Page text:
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Introduction to the Project on Bioethics for Informed Choices - page 51 / 115





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Bioethics Education581

9. The vegetative state.  I want to hear your voice  Let my daughter Nancy die. In what way is it different from brain death? How far is recovery possible? What are they to their families? What about the hospital receiving them? Students: People have amazing powers of recuperation but can’t something be done about the fact that there are many places that are unable to look after them properly?

10. ALS   To tell the truth I want to live  The fact that I am living at home. What is our life? Living or being kept alive? Whose life is it? Students: Though at first they said that they wanted to die, they said they wanted to live, which was confusing. Was it really that they just said that out of a feeling of helplessness, when they actually wanted to live?

11. Drugs in the brain  Drug dependency. What is our real self? What do drugs solve? Will I change? Will I be able to accept myself off drugs? Students: If the stress of society is the cause, wouldn’t it be better to change society? Drugs are surprisingly close to hand. If we fear and avoid the dependent, then nothing will change.

12. Current problems, NHK HP, The law on organ transplantation. Should transplantation from children be allowed? Should the family be given preference as receivers? To whom does the transplanted organ belong? Students: By permitting transplantation from children many children should be saved. Cases where no donor can be found will arise.

13. Abortion, Regenerative Medicine, Genetic Diagnosis, You too will get cancer. When should abortion be allowed? Is it all right to use the aborted fetus? To whom do genes belong? What kind of person performs them? Students: After an abortion isn’t consent unnecessary? I wouldn’t want fetuses to be sold as a business. Is cultivation all right? We have to think about what to do for those who cannot be treated.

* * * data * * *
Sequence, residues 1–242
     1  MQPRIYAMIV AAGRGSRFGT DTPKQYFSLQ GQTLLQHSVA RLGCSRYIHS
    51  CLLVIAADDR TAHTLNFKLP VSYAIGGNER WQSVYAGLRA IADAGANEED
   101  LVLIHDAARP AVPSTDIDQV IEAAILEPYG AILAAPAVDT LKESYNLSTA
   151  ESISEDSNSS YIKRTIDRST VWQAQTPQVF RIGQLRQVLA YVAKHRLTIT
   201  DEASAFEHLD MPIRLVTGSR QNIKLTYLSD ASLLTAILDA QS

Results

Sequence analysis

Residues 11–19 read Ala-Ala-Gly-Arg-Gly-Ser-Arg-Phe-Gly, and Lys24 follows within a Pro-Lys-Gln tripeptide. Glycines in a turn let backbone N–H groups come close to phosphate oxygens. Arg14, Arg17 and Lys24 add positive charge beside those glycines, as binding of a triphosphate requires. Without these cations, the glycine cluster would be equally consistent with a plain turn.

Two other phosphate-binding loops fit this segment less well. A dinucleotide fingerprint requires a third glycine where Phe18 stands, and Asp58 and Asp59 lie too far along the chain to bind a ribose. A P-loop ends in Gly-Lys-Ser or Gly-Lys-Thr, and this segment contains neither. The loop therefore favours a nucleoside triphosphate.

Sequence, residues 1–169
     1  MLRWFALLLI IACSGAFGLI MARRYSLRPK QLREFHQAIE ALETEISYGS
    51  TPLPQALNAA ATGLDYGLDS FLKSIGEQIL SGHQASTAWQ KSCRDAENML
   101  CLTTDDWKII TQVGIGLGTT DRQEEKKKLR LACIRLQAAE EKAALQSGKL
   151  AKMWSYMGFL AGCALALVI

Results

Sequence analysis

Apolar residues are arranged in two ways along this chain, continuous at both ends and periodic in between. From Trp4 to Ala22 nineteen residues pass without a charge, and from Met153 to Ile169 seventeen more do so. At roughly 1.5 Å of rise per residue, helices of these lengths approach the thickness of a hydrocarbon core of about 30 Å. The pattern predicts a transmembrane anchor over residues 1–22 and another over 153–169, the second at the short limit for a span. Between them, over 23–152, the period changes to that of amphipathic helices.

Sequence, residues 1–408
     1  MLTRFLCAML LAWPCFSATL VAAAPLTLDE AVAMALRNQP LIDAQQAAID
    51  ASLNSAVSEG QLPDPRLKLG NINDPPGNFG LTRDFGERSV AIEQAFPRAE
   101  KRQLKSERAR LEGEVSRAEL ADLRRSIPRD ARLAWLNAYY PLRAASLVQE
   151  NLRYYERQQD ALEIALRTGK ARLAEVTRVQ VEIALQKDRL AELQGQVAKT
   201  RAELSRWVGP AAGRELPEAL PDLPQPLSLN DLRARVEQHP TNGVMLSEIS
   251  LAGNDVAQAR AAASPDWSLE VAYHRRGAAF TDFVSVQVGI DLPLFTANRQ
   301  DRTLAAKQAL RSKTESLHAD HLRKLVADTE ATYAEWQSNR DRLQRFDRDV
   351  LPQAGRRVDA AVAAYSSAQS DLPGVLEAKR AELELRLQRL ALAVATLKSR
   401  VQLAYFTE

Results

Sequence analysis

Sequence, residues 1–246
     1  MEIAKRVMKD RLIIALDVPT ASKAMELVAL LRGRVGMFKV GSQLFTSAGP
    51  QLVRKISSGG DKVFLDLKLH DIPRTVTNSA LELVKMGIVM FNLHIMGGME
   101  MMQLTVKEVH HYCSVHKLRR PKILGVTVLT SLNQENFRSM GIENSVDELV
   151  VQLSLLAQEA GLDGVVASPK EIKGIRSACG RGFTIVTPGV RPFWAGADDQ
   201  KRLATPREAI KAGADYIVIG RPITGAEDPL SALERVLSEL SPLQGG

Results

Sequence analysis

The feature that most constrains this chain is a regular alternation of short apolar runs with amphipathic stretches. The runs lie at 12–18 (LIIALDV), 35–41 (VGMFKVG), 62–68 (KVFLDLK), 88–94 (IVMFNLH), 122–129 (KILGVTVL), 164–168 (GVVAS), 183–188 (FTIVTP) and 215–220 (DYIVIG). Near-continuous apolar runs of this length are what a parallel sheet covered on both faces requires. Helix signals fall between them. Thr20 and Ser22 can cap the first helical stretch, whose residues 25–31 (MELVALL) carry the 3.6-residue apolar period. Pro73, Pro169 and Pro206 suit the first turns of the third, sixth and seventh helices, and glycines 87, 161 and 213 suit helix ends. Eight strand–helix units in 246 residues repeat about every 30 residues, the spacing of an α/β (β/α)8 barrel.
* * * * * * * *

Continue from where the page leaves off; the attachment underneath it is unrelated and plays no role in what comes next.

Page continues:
14. Awakenings. What does it mean to live with a disease? Is life only provisional until healed? Would it have been better for them never to have woken? Students: It may have been painful, but I think it was better that remaining asleep. Feelings change depending on what happens while alive.

15. Conclusions. Views of the body and mind Though our bodies are separated, our minds are linked.

In conclusion, I threshed out the contents for the next course based on the students’ impressions and the notes they had submitted throughout these lessons. While explaining self and death etc. on the level of the gene and chemical reactions, my intention was to stress that that self does not exist in isolation, but is held in common within the family and human relationships.


Pollard: Thank you. In one of your slides, your student questionnaire, you have at the bottom a box named, I think largely this questionnaire is not anonymous. It is invalidated because the students will be thinking that they should answer according to the way the teacher taught the class and the way teachers would like students to answer. I think this should be anonymous. In fact, in Australia it would be illegal to ask these questions unless one gets permission from an ethics committee to ask these questions if they are not anonymous.

Shiraishi: Merely, like what I just said, these are not reflected in their grades.  Up to what level of truth is being expressed, we can’t know that, of course.

Aksoy: I think your curriculum is not bioethics but medical ethics. I think in high school, you need more general topics since high school students are not health care professionals.

Shiraishi: I think that these topics are not just for specialists. We also discuss both sides of the question.  We discuss how experts think about this. But at the same time, we think these are topics not just for experts or specialists. What we focus on is how these issues are important in real life; for example, in the case of a 13 year old who became brain dead because of a bike accident. So I think the topic of brain death is not unrelated to the lives of high school students.  And when we discuss the topic of diseases, we do not just study about the disease but we try to focus on how to treat people with diseases. How we can respect their lives? That is the kind of focus that we have in our lecture.

Shinagawa: I’m a medical doctor. And I noticed that after the second world war, there was more

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